Observing water with a ground-based telescope is no mean feat as the abundant water vapor in Earth’s atmosphere degrades the astronomical signals. ALMA, operated by ESO together with its international partners, is an array of telescopes in the Chilean Atacama Desert at about 5000 meters elevation that was built in a high and dry environment specifically to minimize this degradation, providing exceptional observing conditions. “To date, ALMA is the only facility able to spatially resolve water in a cool planet-forming disc,” says co-author Wouter Vlemmings, a professor at the Chalmers University of Technology in Sweden.[1]

This video takes you to the location of HL Tauri in the constellation of Taurus, 450 light-years away from Earth. The start of the sequence shows a wide view, including the Pleiades and Hyades naked-eye star clusters. It then zooms into a very detailed visible-light image from the NASA/ESA Hubble Space Telescope and ends with ALMA observations of water vapor in the HL Tauri disc. Credit: ALMA (ESO/NAOJ/NRAO)/NASA/ESA/N. Risinger ( Music: Astral Electronic

Implications for Future Research

“It is truly exciting to directly witness, in a picture, water molecules being released from icy dust particles,” says Elizabeth Humphreys, an astronomer at ESO who also participated in the study. The dust grains that make up a disc are the seeds of planet formation, colliding and clumping into ever-larger bodies orbiting the star. Astronomers believe that where it is cold enough for water to freeze onto dust particles, things stick together more efficiently — an ideal spot for planet formation. “Our results show how the presence of water may influence the development of a planetary system, just like it did some 4.5 billion years ago in our own Solar System,” Facchini adds.

With upgrades happening at ALMA and ESO’s Extremely Large Telescope (ELT) coming online within the decade, planet formation and the role water plays in it will become clearer than ever. In particular, METIS, the Mid-infrared ELT Imager and Spectrograph, will give astronomers unrivaled views of the inner regions of planet-forming discs, where planets like Earth form.

HL Tauri in the Constellation of Taurus

HL Tauri is a young star surrounded by a remarkable dusty disc. It is located in the famous constellation of Taurus (The Bull) shown in this image, close to the naked eye Pleiades and Hyades star clusters. This star is too faint to be seen with small telescopes. Credit: ESO, IAU and Sky & Telescope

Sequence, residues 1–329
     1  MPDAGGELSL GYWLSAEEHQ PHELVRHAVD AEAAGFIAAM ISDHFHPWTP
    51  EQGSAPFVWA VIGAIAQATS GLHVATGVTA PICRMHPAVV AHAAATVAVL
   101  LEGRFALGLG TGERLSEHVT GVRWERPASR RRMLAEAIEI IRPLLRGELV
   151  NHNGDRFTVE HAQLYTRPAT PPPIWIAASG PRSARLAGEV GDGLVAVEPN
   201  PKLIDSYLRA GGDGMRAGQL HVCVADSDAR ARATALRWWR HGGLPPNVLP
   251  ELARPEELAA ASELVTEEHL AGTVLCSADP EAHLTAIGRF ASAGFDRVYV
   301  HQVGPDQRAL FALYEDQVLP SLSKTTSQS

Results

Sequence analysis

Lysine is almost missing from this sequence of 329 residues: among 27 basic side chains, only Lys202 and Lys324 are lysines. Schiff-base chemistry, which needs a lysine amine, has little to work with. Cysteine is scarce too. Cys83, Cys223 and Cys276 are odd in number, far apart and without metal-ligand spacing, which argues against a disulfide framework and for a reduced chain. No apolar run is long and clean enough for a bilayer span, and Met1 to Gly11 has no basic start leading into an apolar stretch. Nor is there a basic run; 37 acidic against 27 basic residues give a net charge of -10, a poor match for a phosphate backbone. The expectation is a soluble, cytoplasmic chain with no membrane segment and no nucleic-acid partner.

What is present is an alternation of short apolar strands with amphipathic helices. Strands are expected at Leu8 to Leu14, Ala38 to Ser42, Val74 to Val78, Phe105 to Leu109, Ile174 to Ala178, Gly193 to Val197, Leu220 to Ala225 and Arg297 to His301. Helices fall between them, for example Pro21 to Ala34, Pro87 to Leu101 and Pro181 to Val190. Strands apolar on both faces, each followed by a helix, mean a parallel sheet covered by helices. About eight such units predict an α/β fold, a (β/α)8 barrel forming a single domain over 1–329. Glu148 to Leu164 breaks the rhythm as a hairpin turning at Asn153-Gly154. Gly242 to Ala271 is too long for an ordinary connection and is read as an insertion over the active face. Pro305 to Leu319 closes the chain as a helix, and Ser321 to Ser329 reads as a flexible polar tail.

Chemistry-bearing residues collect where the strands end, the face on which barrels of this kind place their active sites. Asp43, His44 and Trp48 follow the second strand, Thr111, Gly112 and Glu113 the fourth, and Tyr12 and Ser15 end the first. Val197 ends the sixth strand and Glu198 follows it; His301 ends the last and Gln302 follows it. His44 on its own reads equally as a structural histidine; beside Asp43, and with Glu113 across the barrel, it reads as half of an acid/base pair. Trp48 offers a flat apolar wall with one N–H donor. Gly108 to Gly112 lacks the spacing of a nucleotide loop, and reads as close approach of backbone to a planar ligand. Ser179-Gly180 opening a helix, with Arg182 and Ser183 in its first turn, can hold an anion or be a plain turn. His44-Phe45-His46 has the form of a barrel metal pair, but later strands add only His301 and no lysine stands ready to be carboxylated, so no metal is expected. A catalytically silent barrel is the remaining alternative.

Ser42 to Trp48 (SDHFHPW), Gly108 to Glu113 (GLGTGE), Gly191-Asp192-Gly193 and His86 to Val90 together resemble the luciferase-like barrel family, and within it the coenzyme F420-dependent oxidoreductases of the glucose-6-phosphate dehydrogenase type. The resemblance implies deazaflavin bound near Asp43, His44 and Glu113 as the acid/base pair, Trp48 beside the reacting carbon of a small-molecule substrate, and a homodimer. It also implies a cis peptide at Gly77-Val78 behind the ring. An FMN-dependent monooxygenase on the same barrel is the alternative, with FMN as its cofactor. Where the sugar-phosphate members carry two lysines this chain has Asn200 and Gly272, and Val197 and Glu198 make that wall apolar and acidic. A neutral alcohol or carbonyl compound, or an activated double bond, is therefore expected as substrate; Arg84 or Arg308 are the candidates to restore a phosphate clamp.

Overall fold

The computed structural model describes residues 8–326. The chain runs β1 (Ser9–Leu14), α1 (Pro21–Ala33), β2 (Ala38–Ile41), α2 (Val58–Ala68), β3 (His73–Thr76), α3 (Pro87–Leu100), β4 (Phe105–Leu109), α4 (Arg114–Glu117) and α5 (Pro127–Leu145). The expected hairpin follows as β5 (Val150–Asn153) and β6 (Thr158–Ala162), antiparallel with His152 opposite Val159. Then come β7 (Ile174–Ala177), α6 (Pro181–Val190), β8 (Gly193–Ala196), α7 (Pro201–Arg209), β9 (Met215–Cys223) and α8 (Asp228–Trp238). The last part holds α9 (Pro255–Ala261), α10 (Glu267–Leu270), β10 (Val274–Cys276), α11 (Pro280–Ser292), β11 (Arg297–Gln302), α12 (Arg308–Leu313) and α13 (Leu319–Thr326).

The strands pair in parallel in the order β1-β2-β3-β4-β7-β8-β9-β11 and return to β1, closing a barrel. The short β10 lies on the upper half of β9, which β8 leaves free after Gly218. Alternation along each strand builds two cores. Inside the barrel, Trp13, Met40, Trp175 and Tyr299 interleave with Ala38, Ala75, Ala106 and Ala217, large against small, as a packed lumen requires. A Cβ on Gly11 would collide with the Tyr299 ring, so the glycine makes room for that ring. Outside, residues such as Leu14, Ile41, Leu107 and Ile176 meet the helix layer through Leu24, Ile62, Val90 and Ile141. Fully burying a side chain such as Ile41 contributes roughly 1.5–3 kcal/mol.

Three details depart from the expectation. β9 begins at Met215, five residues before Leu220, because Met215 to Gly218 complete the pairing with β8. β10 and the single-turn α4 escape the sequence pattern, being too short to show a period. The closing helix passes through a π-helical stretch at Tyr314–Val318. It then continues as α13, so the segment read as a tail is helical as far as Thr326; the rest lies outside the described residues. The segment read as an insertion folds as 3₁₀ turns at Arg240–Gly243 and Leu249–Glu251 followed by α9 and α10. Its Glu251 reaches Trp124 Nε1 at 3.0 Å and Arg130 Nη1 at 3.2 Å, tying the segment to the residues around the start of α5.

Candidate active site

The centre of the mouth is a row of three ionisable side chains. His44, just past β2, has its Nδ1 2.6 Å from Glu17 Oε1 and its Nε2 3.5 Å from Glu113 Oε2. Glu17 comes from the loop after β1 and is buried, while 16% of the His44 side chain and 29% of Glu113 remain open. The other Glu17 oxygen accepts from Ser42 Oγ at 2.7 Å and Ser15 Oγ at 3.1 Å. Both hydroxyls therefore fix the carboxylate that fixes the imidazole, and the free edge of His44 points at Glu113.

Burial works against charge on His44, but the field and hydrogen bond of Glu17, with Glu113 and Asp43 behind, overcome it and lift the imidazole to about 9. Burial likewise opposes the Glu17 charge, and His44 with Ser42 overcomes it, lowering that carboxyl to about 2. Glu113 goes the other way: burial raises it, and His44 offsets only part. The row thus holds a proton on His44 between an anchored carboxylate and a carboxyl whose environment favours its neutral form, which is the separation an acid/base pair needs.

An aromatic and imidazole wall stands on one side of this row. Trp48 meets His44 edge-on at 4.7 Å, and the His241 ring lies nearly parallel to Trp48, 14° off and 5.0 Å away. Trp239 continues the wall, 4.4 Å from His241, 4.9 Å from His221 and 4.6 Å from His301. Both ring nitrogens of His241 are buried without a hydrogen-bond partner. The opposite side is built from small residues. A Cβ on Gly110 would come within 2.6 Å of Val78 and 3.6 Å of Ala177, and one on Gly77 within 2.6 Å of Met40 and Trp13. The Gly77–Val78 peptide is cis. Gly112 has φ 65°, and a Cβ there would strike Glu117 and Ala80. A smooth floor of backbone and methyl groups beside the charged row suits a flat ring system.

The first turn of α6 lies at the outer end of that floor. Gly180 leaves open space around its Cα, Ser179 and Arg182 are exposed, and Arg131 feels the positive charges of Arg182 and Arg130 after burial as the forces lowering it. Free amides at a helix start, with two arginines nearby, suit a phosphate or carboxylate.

1. The new observations used the Band 5 and Band 7 receivers on ALMA. Bands 5 and 7 were European developments, at Chalmers/NOVA (Netherlands Research School for Astronomy) and IRAM (Institut de radioastronomie millimétrique), respectively, with involvement of ESO. Band 5 expanded ALMA into a new frequency range specifically for detecting and imaging water in the local Universe. In this study, the team observed three spectral lines of water across the two receiver frequency ranges to map gas at different temperatures within the disc.

Reference: “Resolved ALMA observations of water in the inner astronomical units of the HL Tau disk” by Stefano Facchini, Leonardo Testi, Elizabeth Humphreys, Mathieu Vander Donckt, Andrea Isella, Ramon Wrzosek, Alain Baudry, Malcom D. Gray, Anita M. S. Richards and Wouter Vlemmmings, 29 February 2024, Nature Astronomy.
DOI: 10.1038/s41550-024-02207-w

The team is composed of S. Facchini (Dipartimento di Fisica, Università degli Studi di Milano, Italy), L. Testi (Dipartimento di Fisica e Astronomia “Augusto Righi”, Università di Bologna, Italy), E. Humphreys (European Southern Observatory, Germany, Joint ALMA Observatory, Chile; European Southern Observatory Vitacura, Chile), M. Vander Donckt (Space sciences, Technologies & Astrophysics Research (STAR) Institute, University of Liège, Belgium), A. Isella (Department of Physics and Astronomy, Rice University, USA [Rice]), R. Wrzosek (Rice), A. Baudry (Laboratoire d’Astrophysique de Bordeaux, Univ. de Bordeaux, CNRS, France), M. D. Gray (National Astronomical Research Institute of Thailand, Thailand), A. M. S. Richards (JBCA, University of Manchester, UK), W. Vlemmings (Department of Space, Earth and Environment, Chalmers University of Technology, Sweden).

1 Comment on "How Water Vapor Is Rewriting the Story of Planet Formation"

  1. And where does this water vapor come from, out of nothing? Glory to the exalted One, Who is the only One with a plausible Answer.